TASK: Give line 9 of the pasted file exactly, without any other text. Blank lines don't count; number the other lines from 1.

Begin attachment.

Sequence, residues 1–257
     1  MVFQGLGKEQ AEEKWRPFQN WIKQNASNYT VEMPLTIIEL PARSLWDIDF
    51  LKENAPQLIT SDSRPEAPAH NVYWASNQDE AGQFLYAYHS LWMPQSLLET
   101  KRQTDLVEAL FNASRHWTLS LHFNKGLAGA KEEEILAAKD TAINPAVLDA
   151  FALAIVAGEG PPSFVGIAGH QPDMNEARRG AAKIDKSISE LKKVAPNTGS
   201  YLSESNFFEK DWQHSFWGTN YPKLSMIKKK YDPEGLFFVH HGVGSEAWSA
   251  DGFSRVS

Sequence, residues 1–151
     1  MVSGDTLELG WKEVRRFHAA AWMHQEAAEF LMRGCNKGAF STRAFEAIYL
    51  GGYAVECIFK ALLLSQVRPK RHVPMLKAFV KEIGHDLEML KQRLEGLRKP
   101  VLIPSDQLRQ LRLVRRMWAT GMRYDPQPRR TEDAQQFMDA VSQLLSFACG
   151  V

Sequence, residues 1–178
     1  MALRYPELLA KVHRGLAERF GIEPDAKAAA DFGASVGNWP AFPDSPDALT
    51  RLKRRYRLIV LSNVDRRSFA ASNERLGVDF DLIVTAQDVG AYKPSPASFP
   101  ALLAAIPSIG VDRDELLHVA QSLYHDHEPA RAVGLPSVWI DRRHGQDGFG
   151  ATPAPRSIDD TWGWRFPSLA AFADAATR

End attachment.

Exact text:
     1  MVSGDTLELG WKEVRRFHAA AWMHQEAAEF LMRGCNKGAF STRAFEAIYL